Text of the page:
That November, the fourth Tooth Incident occurred at school. In the end, we didn’t know if Peter had been unintentionally hit by a classmate who was fighting with another student, or if the kid had purposely popped him one. We did, however, know how to proceed. Thanks to my brother, Dr. Salusti was having a lucrative year.
When Peter showed up in Salusti’s office a few weeks later after biting into a donut (yes, a donut) and rupturing the ill-fated tooth for the fifth time, our collective good humor was running low.
They say the good thing about enduring bad times is that usually they can only get better. Lord knows that Peter and his tooth were ready for better days. Luckily, many followed, thanks largely to Special Olympics. Peter loved playing sports with teammates who became his best friends. Years of joyful, virtually injury-free athletic achievement passed.
And then the softball season of 1994 arrived, along with the Final Act of the Tooth Tragedy.
Peter stands 6’3″ tall and weighs more than 200 lbs. Despite his intimidating mass, one look into his big hazel eyes renders his unmistakably gentle nature. He loved to play centerfield. However, the fear factor periodically overruled his skill, especially when objects were headed his way with considerable velocity. You see, when it comes to personal safety, my physically imposing brother is basically a wimp.
One day a ball was hit hard in Peter’s direction. I had seen him attempt to catch fly balls before, following the airborne ball with dancing eyes and legs as he stuck out his glove. As the ball approached, he would simply squeeze shut his eyes and clamp together the folds of the glove, praying that the white leather orb was inside. Often, he was lucky.
On this day, my brother’s prayers went unheard. Later, Peter said that the sun had blinded him. I pictured his upturned face, closed eyes and open mouth welcoming the warm sunshine and fresh air, but making a poor substitute for his outstretched glove. Peter’s seven innings were cut short for a trip to Salusti’s.
By then Dr. Salusti’s son, who we affectionately still call “Junior,” had joined the practice. When he read Peter’s file, the young dentist decided that enough was enough and ordered my brother to avoid all activities that might injure the tooth (a broad category, given Peter’s dental history) until he could put a permanent cap over it. Peter eagerly obliged, forsaking centerfield, pork chops and even donuts. The day he came home with his capped tooth, my brother smiled as if he had been granted lifelong immunity from every disease on the planet.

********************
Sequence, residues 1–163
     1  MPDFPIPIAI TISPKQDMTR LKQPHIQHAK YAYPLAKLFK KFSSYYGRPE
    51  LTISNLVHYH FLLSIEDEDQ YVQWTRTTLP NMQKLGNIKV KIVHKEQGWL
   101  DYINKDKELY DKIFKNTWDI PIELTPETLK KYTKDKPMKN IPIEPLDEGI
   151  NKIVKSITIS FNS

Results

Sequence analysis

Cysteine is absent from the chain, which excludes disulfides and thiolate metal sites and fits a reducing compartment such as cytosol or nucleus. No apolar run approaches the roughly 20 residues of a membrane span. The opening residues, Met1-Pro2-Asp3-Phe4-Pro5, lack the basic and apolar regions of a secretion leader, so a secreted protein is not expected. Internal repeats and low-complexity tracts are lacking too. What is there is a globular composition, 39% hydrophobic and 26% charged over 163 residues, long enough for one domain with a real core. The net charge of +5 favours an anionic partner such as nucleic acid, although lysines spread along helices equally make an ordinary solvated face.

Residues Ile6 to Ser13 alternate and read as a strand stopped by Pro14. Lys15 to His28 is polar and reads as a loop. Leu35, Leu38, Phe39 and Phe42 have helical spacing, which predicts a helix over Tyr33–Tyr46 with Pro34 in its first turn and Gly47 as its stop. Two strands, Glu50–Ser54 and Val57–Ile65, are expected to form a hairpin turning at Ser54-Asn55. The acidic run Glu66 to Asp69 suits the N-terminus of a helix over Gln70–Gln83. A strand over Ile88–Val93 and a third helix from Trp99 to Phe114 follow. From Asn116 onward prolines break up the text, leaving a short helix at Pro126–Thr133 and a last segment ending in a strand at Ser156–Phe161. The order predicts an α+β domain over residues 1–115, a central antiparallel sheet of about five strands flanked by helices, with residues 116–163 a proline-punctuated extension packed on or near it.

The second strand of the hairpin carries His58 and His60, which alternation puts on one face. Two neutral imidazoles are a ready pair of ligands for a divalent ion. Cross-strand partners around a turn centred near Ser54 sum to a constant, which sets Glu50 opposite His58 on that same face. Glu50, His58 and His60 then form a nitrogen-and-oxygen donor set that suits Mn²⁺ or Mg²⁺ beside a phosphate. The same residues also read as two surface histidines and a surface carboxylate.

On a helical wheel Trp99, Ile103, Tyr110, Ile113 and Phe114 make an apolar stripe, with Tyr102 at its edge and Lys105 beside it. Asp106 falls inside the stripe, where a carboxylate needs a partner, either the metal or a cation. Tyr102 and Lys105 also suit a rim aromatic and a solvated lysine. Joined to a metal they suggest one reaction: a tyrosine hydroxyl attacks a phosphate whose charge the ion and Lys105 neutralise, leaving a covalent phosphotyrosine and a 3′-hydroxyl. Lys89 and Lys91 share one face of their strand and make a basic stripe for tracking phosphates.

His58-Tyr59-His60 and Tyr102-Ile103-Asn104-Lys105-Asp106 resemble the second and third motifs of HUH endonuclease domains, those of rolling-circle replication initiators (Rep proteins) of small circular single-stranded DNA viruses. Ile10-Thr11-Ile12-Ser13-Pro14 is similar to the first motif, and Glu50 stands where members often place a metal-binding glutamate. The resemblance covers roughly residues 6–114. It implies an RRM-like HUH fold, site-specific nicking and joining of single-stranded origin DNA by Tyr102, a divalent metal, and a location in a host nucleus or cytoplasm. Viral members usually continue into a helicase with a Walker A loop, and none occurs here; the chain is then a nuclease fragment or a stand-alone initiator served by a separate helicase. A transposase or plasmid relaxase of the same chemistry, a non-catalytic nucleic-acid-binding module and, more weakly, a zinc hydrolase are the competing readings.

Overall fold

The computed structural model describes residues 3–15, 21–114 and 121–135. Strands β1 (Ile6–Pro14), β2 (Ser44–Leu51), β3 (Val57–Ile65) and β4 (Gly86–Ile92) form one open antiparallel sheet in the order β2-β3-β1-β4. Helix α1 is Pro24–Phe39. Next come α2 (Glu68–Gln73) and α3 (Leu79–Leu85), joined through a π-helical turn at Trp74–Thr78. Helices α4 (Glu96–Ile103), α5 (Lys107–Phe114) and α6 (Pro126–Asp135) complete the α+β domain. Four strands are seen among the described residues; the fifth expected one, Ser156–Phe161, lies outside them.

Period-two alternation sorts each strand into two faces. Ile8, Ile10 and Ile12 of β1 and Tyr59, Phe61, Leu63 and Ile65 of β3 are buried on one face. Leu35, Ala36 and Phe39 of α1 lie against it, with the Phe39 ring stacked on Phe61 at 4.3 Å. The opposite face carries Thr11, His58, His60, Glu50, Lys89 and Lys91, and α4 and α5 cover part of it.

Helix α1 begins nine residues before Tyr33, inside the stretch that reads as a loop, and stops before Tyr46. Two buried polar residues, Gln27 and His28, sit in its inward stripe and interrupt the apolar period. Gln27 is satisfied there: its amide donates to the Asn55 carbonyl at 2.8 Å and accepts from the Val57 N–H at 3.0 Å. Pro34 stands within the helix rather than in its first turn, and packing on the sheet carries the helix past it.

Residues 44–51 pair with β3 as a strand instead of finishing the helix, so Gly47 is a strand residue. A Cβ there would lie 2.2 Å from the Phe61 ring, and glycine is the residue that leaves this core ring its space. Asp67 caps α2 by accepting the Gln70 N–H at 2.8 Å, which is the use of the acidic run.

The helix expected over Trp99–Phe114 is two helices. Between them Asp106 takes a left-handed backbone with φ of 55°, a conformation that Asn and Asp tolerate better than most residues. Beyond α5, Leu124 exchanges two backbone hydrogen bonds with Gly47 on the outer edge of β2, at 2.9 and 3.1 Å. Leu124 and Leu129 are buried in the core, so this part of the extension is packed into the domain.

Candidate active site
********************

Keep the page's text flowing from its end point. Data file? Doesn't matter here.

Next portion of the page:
Today, Peter and I laugh about The Tooth Tragedy, and we talk about other challenges that we may confront in the future. We know that the answer will not always be as simple as a visit to the dentist. We understand that there aren’t permanent caps for everything that may break in our lives.
But we recognize that we have been blessed with optimism and a sense of humor, and we know that we have each other. While we cannot predict the comedy and tragedy that will come our way, there is a certain comfort in knowing that we will experience all of it together.
Emily Marino holds a M.F.A. in Nonfiction Writing from Columbia University. She is a member of the National Sibling Leadership Network, devoted to providing the siblings of individuals with developmental disabilities information and support to advocate for their brothers and sisters. Currently, Emily is writing a book about the special bond between individuals with developmental disabilities and their siblings.
* Stories From the Heart is an ongoing series of user contributed heart warming stories, that shine light on the Autism experience.